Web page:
It is well known that during the Second Temple period the Jews of Judea strictly observed the injunction against graven images. Although the Jews borrowed techniques and artistic styles from the surrounding Hellenistic-Roman culture, they abstained from using images in their art. What is less well known is that, during the same period a similar phenomenon was taking place in the adjacent Arab kingdom of Nabatea, and this despite the fact that, unlike the monotheistic Jews, the Nabateans worshipped many deities. In both kingdoms political independence went hand in hand with a cultural independence that expressed itself in religion, language, script and art. Although continuity with iconoclastic Judea may have had some influence on Nabatean steadfastness to tradition under pressure from the dominant Hellenistic-Roman culture, it appears that their abstract perception of their gods and disregard for figurative art were innate, growing out of a particular theological doctrine. The principles of that doctrine have not been preserved, but we can deduce its existence - and to a lesser degree, its nature - on the basis of certain archaeological discoveries that we will discuss here subsequently. ; Unlike the common practice both in the Greco-Roman West and in the Parthian East, to accord the gods a human form, the Nabateans represented their gods in the form of a stele. The abstract manner in which they perceived the form of their deities, affected their approach towards figurative art. A systematic survey of Nabatean art indicates that negation of figurative art is evident in all domains of their creativity.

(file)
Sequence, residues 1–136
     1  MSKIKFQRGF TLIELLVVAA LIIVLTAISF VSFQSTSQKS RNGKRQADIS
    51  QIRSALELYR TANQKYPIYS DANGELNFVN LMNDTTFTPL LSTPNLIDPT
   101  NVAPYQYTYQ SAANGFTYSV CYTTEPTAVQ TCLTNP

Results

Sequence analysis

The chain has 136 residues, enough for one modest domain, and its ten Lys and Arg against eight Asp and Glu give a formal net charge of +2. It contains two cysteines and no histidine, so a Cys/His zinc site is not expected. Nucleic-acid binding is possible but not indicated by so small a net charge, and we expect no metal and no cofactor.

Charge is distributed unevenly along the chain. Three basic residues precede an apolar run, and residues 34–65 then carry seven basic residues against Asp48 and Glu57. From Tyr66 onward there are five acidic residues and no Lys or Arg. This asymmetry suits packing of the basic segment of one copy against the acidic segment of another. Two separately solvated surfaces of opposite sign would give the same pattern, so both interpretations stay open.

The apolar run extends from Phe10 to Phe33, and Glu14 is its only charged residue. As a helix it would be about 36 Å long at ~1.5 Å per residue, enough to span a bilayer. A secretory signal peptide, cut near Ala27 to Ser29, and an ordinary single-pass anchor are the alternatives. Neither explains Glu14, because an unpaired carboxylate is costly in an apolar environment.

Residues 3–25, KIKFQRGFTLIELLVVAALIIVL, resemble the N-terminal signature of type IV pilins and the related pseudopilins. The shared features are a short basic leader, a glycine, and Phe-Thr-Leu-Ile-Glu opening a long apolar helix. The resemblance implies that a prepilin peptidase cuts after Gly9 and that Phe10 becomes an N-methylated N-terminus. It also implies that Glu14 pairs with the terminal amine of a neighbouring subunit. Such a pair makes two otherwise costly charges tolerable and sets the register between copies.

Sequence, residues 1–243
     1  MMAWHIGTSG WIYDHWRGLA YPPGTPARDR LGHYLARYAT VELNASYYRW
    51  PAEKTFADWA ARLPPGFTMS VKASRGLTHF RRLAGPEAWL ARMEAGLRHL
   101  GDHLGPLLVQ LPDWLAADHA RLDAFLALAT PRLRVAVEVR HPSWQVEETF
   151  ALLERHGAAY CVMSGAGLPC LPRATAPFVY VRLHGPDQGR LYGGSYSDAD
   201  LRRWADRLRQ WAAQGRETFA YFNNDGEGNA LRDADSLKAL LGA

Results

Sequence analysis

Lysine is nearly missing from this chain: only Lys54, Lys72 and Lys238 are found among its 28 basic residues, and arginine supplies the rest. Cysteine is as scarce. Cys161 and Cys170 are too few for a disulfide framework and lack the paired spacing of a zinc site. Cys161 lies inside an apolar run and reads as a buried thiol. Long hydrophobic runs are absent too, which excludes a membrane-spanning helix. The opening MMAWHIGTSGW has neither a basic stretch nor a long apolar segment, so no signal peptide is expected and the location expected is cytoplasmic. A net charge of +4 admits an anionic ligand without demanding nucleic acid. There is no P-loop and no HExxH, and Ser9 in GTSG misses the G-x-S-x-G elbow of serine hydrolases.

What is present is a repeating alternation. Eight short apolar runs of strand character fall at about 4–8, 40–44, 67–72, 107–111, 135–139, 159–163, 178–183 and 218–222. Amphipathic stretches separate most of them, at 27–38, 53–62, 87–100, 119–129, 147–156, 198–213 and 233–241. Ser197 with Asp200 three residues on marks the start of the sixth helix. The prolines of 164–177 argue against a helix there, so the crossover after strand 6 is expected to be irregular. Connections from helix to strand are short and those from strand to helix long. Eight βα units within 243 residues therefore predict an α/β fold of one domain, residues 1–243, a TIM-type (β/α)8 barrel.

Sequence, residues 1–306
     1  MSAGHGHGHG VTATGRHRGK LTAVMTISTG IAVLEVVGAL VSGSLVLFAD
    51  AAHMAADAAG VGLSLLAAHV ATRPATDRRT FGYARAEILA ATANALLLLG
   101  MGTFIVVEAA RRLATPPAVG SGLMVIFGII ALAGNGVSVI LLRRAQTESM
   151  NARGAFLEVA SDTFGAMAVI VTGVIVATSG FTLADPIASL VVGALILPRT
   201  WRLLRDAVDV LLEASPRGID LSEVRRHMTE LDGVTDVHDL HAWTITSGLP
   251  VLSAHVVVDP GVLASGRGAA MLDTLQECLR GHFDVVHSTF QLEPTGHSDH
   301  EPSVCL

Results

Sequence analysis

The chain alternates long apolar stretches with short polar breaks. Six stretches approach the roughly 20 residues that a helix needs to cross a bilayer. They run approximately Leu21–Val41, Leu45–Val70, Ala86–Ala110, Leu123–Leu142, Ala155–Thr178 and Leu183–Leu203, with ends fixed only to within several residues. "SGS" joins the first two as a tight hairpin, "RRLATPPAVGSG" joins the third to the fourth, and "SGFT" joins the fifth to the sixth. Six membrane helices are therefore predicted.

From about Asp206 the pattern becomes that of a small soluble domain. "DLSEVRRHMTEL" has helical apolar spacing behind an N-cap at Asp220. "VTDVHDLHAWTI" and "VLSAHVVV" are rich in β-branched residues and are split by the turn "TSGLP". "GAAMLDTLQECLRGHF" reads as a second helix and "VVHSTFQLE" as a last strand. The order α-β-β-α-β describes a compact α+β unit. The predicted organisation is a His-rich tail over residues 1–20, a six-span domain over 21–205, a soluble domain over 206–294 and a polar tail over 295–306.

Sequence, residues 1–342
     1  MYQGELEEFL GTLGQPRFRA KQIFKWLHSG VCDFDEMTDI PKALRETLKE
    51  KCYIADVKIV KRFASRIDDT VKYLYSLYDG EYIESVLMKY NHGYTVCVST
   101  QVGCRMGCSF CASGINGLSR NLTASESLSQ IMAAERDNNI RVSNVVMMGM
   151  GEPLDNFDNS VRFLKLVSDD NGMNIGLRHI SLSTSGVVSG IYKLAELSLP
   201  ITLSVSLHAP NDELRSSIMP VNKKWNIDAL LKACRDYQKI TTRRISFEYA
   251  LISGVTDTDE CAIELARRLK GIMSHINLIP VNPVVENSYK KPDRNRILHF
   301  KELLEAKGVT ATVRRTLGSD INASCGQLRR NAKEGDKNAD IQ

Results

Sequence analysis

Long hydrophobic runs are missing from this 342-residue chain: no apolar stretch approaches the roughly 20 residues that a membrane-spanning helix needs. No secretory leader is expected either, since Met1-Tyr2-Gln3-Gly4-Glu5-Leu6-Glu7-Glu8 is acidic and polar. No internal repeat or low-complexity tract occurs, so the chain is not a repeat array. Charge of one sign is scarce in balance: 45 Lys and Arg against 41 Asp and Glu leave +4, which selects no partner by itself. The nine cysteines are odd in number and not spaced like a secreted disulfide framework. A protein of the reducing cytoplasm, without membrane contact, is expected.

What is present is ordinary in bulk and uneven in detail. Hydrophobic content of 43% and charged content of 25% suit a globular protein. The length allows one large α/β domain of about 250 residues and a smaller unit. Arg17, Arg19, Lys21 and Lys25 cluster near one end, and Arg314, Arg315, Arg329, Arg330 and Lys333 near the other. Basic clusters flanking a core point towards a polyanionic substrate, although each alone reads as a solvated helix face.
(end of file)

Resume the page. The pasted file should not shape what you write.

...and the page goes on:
Hundreds of years before the Nabatean civilization, but in this same geographical area, there was a similar religious and artistic phenomenon of venerating stele gods and negating figurative art among another Arabian tribe, which scholars tend to identify with the biblical Midianites. The same spiritual wellsprings that nourished a nonfigurative tradition among the North Arabian tribes for hundreds of years - first the Midianites and then the Nabateans - ultimately resurfaced, nourishing the nonfigurative tendency we see in Islamic Arabian art.
This book examines the origins of prohibition of a graven image among the Nabateans, its effect on all facets of Nabatean art and its subsequent influence on Islamic art several hundred years hence. The implications for the history both of ancient religions and art lend to Nabatean